A new study, led by Healint in partnership with King’s College London, aims to investigate a causal relationship between sleep disruption and the occurrence of migraine attacks. 

Researchers collected anonymized self-reported data from 11,166 global users of Healint’s Migraine Buddy application for the study. Previous studies on the relationship between sleep and migraine have had small samples or focused solely on one specific population at a one-time point, resulting in conflicting findings, according to a press release from Healint, a digital health company specializing in central nervous system disease management. 

The current study aims to reconcile this disparity and provide a more comprehensive understanding of the relationship between sleep and migraine. According to Healint, the study’s methodology is unique in that it avoids bias associated with self-report questionnaires and issues with retrospective reporting.

“We are excited to partner with King’s College London on this groundbreaking study. At last, we will be able to move from simply observing the correlation between the sleep disturbance and the condition’s exacerbation and confirm the causation,” says Francois Cadiou, CEO and co-founder of Healint, in a press release. “This will open new treatment and relief opportunities in migraine as well as numerous other chronic conditions.”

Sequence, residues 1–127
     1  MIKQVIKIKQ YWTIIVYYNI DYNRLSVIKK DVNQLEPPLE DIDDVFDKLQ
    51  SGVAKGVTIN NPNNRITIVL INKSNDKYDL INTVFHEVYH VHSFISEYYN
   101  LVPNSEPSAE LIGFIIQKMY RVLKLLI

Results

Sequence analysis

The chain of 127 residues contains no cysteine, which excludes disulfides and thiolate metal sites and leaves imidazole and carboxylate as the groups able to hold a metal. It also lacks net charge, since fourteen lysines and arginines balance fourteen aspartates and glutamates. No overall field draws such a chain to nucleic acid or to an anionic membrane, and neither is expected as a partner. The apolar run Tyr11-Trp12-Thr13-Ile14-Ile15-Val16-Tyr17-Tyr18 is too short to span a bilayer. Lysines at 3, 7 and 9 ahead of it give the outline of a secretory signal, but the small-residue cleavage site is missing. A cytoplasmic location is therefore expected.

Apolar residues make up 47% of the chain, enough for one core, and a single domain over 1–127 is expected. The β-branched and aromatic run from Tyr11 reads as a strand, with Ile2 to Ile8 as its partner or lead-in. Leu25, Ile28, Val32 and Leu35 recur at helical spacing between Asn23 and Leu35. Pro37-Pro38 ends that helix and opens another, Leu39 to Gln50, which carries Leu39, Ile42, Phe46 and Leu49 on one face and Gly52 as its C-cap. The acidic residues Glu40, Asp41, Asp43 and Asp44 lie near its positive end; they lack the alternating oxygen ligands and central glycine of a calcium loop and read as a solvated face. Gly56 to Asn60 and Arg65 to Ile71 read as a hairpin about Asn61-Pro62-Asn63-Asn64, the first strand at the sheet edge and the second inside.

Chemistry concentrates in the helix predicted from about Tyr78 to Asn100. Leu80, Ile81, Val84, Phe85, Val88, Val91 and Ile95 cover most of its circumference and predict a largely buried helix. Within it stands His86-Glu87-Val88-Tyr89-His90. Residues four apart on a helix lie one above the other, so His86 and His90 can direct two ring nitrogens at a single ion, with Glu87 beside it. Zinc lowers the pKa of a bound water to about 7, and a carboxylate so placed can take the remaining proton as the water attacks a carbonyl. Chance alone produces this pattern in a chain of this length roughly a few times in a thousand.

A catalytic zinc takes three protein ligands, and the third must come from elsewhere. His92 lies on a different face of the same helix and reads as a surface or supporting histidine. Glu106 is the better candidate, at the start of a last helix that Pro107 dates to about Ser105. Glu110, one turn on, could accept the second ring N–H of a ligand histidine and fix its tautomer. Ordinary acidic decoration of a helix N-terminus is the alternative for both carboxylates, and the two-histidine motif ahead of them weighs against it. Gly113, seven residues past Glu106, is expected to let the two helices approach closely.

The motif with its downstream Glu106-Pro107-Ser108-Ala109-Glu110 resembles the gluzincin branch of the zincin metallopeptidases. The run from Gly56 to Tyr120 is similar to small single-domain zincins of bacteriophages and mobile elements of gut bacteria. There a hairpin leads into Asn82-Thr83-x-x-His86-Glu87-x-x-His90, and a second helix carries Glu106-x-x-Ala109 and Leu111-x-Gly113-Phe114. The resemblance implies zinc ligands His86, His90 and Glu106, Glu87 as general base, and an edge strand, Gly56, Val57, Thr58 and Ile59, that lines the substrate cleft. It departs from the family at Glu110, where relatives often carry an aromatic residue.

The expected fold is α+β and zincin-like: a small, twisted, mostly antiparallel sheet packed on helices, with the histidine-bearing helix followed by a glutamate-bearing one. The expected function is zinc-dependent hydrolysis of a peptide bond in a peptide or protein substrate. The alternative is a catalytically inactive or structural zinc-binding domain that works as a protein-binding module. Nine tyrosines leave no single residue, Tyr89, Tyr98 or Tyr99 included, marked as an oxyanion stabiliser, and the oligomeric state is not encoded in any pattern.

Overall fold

“The findings of the study provide an important puzzle piece that significantly increases our understanding of the interaction between sleep and migraine and can be translated into the clinical management of both conditions. Further studies are now needed to elucidate the mechanisms that mediate this interaction,” said Jan Hoffmann, MD, clinical reader and honorary consultant in neurology at King’s College London, in a press release.

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